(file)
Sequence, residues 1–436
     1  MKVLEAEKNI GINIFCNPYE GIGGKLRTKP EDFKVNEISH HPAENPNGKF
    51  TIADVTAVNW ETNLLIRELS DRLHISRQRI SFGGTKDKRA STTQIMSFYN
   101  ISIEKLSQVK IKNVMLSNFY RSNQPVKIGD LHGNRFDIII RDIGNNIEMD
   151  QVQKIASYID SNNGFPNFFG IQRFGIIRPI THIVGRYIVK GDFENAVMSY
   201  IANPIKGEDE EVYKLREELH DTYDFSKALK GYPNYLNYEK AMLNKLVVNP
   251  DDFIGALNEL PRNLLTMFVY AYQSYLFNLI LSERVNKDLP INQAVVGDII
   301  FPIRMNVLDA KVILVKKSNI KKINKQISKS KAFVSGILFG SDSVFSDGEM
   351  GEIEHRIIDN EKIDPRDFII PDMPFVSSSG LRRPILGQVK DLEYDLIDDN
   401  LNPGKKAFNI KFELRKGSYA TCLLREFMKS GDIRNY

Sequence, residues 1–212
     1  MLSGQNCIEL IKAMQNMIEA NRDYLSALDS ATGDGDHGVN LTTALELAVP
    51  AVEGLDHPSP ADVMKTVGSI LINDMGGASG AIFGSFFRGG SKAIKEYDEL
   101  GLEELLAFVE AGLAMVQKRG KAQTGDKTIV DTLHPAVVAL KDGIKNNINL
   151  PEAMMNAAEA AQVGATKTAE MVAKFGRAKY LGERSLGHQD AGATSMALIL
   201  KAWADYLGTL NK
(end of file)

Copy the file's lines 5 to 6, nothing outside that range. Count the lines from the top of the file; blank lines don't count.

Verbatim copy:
   151  QVQKIASYID SNNGFPNFFG IQRFGIIRPI THIVGRYIVK GDFENAVMSY
   201  IANPIKGEDE EVYKLREELH DTYDFSKALK GYPNYLNYEK AMLNKLVVNP